Thursday, August 14, 2008

Recruiting Israeli Arabs for Terror

P. David Hornik | 8/13/2008
Information has come to light about an Israeli Arab who was arrested last month at Israel’s Ben-Gurion Airport after a return flight from Germany. Khaled Kashkoush, 29, comes from the village of Qalansuwa in central Israel and had been studying medicine for some years in Göttingen, Germany. His arrest was initially reported in Spiegel Online International.

Kashkoush has admitted during interrogation that while in Germany he was recruited by Hezbollah agents. In 2002 he made contact with Hisham Hassan, a Lebanese doctor who is also head of the German branch of the Orphaned Children Project Lebanon. That organization, in turn, raises funds for the Lebanese Martyr Institute—part of Hezbollah’s civilian network in Lebanon.

The Martyr Institute, which supports the families of Hezbollah terrorists killed during operations, spreads Khomeinist ideology both in Lebanon and abroad, and raises funds for Hezbollah, works similarly to the Iranian Shahid Foundation. In 2007 the U.S. Treasury Department declared the Shahid Foundation illegal and the FBI raided and closed its U.S. branch, known as the Goodwill Charitable Organization, in Dearborn, Michigan.

Kashkoush met every two weeks with Dr. Hassan and also helped him administer the Orphaned Children Project. After three years Dr. Hassan put Kashkoush in contact with a Lebanese called “Rami” who turned out to be the senior Hezbollah recruiter Muhammad Hashem, well known to Israeli security.

Hashem gave Kashkoush a total of 13,000 euros. In return Kashkoush was supposed to provide information about Israeli nationals studying abroad who might be potential Hezbollah recruits, and to try and find work in an Israeli hospital so he could gather information about security personnel or soldiers being treated there. At one of their meetings Hashem also gave Kashkoush a map of the latter’s home village, Qalansuwa, that had been downloaded from Google Earth and asked him to locate buildings there.

According to Spiegel Online International’s report, Kashkoush was aiming to get a job at Rambam Hospital in the Israeli city of Haifa before being nabbed at the airport. Kashkoush and his handler, Hashem, had apparently been in touch only via unregistered cellphone and email.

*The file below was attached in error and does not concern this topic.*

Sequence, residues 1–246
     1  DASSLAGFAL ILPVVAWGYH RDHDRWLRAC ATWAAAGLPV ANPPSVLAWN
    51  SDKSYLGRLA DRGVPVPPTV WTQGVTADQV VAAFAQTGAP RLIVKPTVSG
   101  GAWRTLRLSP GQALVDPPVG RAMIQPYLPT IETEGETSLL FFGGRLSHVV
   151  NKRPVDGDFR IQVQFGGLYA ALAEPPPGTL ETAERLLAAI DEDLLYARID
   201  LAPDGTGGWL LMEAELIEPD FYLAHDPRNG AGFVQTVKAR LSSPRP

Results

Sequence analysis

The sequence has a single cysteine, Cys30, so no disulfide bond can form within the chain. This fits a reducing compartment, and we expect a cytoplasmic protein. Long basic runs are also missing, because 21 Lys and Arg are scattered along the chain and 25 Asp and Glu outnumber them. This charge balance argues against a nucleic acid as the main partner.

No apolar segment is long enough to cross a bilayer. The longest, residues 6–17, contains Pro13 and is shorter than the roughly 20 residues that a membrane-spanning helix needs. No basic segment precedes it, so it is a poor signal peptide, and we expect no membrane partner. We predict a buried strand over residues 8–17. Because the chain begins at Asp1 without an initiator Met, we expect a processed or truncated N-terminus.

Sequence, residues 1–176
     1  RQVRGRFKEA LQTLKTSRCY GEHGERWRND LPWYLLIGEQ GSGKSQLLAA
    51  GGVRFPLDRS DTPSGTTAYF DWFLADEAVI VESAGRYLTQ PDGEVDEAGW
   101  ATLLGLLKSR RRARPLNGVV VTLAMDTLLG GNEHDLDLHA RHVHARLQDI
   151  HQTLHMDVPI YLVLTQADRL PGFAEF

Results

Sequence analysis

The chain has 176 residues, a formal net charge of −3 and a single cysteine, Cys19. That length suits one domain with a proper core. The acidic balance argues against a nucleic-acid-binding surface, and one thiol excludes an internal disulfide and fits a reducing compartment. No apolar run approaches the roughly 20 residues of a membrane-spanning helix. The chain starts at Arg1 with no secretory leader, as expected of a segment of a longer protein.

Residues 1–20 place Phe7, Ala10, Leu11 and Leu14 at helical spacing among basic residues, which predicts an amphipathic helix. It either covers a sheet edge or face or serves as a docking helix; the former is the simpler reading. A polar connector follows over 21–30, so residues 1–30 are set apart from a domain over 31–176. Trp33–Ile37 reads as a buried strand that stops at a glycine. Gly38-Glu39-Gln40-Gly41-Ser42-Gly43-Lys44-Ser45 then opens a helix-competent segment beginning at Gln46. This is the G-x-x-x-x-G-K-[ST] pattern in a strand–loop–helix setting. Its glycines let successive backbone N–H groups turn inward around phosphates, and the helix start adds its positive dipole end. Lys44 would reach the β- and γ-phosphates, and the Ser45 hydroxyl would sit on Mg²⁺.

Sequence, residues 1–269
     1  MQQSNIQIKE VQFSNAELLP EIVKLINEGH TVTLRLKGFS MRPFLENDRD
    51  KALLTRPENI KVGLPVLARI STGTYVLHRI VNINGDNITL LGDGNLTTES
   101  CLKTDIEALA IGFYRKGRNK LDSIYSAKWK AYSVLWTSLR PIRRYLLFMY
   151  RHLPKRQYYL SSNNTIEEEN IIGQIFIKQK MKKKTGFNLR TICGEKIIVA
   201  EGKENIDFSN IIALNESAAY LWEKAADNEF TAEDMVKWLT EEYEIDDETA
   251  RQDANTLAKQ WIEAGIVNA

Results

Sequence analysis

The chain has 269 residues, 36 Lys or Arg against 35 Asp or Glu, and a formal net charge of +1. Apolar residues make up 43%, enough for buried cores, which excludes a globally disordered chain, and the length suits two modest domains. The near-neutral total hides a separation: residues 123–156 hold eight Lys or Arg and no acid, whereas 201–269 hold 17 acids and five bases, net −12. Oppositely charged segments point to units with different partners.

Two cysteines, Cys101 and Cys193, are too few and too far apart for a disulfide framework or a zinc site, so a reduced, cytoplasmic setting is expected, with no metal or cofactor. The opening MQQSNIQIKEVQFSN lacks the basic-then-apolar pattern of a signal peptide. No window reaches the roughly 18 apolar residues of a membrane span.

The case is deeply troubling to Israeli security because it fits into a pattern where Hezbollah and other terror organizations have been using Israeli Arabs as a pool for recruits. Although in the cases of three terror attacks by Israeli Arabs in Jerusalem this year no clear links to organizations seem yet to have been found, also this year two Israeli Arabs have been indicted for passing information on strategic sites to Al Qaeda and six more have been arrested for allegedly setting up an Al Qaeda-affiliated network and plotting to shoot down President Bush’s helicopter while he was visiting Israel.

Hezbollah, for its part, particularly exploits the fact that Israeli Arabs can easily be contacted and recruited while abroad, of which Kashkoush’s case is a classic instance. Israel, thus, gets the worst of all worlds: while frequently being slandered as an “apartheid state” it grants its Arab minority full freedoms that the global jihad movement, and a small but increasing number of Israeli Arabs themselves, exploit to Israel’s detriment.

And making life still harder for Israel is the fact that in Europe particularly, Hezbollah can operate freely because it’s not defined as a terrorist organization. Given that Hezbollah is responsible, among countless other acts, for blowing up the U.S. embassy in Lebanon in 1983, the Israeli embassy in Buenos Aires in 1992, the AMIA Jewish cultural center in Buenos Aires in 1994, and in 2006 for killing and kidnapping Israeli soldiers on Israeli territory while firing thousands of rockets at Israeli civilians, the fact that Europe does not classify it as terrorist may seem astonishing.

European countries claim to fear, though, that doing so would harm prospects for Middle East peace talks. European countries also, of course, have lucrative commercial ties with Hezbollah’s patron Iran.

In other words, the Israeli security services have their work cut out for them. In the case of Khaled Kashkoush they appear to have succeeded. Since—as in other Western countries—they’re the main or even only thing that stands between normal life and catastrophe, one hopes they’ll keep working very hard.

P. David Hornik is a freelance writer and translator living in Tel Aviv. He blogs at He can be reached at

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